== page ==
Written by Shubham Kalia, Maria Ponnizath and Samritha A
(Reuters) – Tesla CEO Elon Musk The electric car maker said Thursday that the company will hold a shareholder vote to move its state of incorporation to Texas from Delaware, days after a judge invalidated the electric car maker's $56 billion pay package.
On Tuesday, Delaware Judge Kathleen McCormick called the 2018 stock-based pay package, the largest in corporate America, an “unfathomable amount” and unfair to shareholders, finding that it was negotiated by directors who appeared to be in debt. For a mask.
“Never incorporate your company in Delaware,” Musk posted on social media X shortly after the ruling.
Musk's idea, if the vote goes ahead, is not without risks. Legal experts said investors would almost certainly file a lawsuit against Musk if he tried to move incorporation jurisdiction to Texas, especially if it was seen as a move to secure his salary package rather than gain some benefits for Tesla.
“Elon Musk’s plan to change Tesla’s state of incorporation from Delaware to Texas is typical behavior of an entrepreneur who is always looking for an alternative if he can’t get what he wants,” said Dan Coatsworth, investment analyst at AJ Bell.
Engaging shareholders may be another hurdle for Musk.
“Shareholders need to take a hard look at how the move out of Delaware will impact their rights and corporate governance,” independent business consultant Keith Donovan said.
The company's shares reversed course to trade down 1.2%. They are down nearly 25% this year due to growing concerns about weak demand for electric vehicles after doubling in 2023.
This ruling is not the first time Musk has suffered a setback in Delaware.
McCormick was the same judge who oversaw the lawsuit Twitter filed in July 2022 against Musk after he tried to back out of his contract to buy the social media platform for $44 billion. The judge rejected his dilatory tactics, and Musk finally completed the deal to buy the company.
“Musk must believe that Texas judges are more ‘business friendly’ than their counterparts in Delaware… Musk must assume that Texas judges, with the discretion they have to evaluate executive pay, will take a more relaxed approach to this issue.” Of the Delaware judges. Brian Chevens, professor of corporate law at the University of Cambridge, said:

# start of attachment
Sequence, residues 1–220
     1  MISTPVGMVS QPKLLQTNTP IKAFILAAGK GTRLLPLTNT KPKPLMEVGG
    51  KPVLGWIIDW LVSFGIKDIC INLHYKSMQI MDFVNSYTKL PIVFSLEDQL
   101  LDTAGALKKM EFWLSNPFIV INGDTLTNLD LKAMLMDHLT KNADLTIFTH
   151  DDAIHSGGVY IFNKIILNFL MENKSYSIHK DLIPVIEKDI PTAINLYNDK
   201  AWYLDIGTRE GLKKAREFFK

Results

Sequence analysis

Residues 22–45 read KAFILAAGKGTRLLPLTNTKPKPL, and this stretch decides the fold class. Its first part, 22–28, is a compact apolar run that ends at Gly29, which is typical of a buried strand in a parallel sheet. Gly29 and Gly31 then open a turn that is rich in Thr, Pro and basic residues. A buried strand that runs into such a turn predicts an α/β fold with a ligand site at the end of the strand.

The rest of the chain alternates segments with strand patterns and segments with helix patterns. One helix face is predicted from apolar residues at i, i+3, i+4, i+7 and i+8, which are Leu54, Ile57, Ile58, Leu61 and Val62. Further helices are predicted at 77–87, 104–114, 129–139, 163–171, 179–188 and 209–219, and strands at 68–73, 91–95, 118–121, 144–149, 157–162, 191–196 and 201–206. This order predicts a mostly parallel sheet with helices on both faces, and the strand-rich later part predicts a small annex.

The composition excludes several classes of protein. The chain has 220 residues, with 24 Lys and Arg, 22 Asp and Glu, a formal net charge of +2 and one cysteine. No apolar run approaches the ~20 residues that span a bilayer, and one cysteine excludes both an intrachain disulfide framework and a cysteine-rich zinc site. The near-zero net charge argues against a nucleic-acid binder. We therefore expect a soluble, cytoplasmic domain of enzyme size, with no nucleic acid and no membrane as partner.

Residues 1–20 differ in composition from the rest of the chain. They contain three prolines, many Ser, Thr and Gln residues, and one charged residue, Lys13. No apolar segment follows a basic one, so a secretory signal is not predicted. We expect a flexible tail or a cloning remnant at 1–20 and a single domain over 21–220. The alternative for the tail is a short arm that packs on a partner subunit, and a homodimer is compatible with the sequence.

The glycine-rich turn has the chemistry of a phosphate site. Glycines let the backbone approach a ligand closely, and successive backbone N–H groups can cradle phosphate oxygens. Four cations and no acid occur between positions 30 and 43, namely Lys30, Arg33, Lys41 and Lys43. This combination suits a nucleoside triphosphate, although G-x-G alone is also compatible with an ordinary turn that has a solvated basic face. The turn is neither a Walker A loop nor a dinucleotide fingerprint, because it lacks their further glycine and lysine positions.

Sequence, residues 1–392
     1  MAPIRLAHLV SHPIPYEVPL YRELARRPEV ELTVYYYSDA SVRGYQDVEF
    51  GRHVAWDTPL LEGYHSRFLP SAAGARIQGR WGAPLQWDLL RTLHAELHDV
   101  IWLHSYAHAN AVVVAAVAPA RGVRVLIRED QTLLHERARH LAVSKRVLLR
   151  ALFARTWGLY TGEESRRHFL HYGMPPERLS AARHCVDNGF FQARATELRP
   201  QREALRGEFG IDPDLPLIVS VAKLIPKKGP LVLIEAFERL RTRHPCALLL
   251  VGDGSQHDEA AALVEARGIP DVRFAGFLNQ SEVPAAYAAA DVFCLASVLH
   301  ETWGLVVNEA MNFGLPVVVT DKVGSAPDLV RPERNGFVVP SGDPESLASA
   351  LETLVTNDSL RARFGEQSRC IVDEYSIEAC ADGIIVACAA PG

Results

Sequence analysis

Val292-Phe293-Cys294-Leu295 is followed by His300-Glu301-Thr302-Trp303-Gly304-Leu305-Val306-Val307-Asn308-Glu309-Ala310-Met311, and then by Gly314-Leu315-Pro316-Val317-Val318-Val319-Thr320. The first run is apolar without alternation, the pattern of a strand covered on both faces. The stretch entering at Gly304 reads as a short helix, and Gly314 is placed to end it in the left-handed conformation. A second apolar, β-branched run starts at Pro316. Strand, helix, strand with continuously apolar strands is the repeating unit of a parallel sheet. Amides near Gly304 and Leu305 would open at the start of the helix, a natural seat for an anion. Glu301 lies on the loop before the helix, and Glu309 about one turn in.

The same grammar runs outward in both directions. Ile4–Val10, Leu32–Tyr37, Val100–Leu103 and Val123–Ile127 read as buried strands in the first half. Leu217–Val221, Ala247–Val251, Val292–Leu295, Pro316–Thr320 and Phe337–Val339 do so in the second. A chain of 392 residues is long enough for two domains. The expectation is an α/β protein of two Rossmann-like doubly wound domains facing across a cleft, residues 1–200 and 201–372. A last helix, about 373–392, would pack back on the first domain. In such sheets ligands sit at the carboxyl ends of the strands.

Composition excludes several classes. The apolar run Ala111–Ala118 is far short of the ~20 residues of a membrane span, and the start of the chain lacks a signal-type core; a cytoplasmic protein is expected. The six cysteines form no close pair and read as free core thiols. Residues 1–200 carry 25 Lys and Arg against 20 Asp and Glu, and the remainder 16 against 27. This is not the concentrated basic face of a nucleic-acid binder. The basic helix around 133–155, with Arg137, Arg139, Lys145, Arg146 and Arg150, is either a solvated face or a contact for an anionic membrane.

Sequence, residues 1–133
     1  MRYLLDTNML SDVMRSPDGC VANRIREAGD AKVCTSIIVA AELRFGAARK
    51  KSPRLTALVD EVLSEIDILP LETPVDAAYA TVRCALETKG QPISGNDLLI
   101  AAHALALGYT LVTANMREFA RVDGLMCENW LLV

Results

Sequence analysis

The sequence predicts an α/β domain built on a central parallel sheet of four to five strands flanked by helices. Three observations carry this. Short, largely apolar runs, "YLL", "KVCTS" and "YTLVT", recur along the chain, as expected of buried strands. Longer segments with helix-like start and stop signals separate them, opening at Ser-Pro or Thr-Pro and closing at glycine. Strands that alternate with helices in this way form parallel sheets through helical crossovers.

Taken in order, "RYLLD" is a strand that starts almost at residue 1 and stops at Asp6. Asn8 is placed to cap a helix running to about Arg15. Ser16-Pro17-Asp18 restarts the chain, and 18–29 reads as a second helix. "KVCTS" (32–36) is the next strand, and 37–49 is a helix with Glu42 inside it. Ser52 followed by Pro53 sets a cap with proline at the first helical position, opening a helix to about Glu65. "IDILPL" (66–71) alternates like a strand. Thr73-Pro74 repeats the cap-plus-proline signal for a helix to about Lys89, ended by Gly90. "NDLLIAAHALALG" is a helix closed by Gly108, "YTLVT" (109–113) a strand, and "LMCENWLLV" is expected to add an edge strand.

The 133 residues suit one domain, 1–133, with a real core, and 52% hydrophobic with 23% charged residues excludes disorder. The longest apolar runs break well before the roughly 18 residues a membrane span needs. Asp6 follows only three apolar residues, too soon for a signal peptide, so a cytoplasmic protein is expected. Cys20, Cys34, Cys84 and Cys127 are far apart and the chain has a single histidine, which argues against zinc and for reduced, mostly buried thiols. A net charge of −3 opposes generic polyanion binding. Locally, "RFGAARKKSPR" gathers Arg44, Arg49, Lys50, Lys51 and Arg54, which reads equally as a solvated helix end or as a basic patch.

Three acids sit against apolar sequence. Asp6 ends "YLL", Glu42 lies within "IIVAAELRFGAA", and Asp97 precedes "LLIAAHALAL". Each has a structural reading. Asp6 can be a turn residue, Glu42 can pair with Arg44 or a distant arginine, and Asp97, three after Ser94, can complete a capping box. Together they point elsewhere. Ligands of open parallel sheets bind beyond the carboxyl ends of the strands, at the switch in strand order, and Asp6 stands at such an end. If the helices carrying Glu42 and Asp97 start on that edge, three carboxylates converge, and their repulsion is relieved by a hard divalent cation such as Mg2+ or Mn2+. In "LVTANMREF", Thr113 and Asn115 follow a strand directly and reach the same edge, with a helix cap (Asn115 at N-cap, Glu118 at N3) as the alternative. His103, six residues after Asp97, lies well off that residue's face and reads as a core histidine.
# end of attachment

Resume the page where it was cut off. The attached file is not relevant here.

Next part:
“It's not clear that Texas judges would do that.”
More than 65% of Fortune 500 companies and more than half of all publicly traded U.S. companies are founded in Delaware, attracted by the state's business-friendly legal framework and tax policies, according to Harvard Business Services, a company that provides business formation services in Delaware.
US public corporations looking to incorporate in Delaware have access to state courts. Its corporate law places greater restrictions on management and is more protective of investors from states like Nevada, making it cheaper for Delaware companies to raise capital.
TripAdvisor and its parent company are currently defending a lawsuit brought by its shareholders, who have challenged the company's plans to reincorporate in Nevada from Delaware.
Musk also recently said he would not be comfortable growing the automaker into a leader in artificial intelligence (AI) and robotics without having at least 25% voting control in the company, nearly double his current stake.
His stake was larger before he bought Company
Musk and Texas
Musk has a keen interest in Texas.
He moved Tesla's headquarters from Palo Alto, California, to Austin, Texas, in 2021 after criticizing California regulations and taxes, and also clashed with health officials at the start of the COVID-19 pandemic over reopening a factory in Fremont.
One of the electric vehicle manufacturer's massive factories is located in Texas, where it is also planning a more than $750 million expansion. It is also building a lithium refinery in the state, with the goal of producing enough for about 1 million electric cars by 2025.
Musk's other companies – SpaceX and The Boring Company – also have operations in Texas.
Musk, as he has done in the past, conducted a poll on X, and declared that a yes vote of 87% of the 1.1 million total votes was a deciding factor.
“The public vote is unequivocally in favor of Texas! Tesla will immediately move to hold a shareholder vote to move its state of incorporation to Texas,” Musk said on X's website.
(Reporting by Maria Ponnizath, Shubham Kalia and Samarhitha Arunasalam in Bengaluru, Tom Hulse in Wilmington and Martin Coulter in London; Editing by Savio D'Souza and Soumyadeep Chakrabarti)
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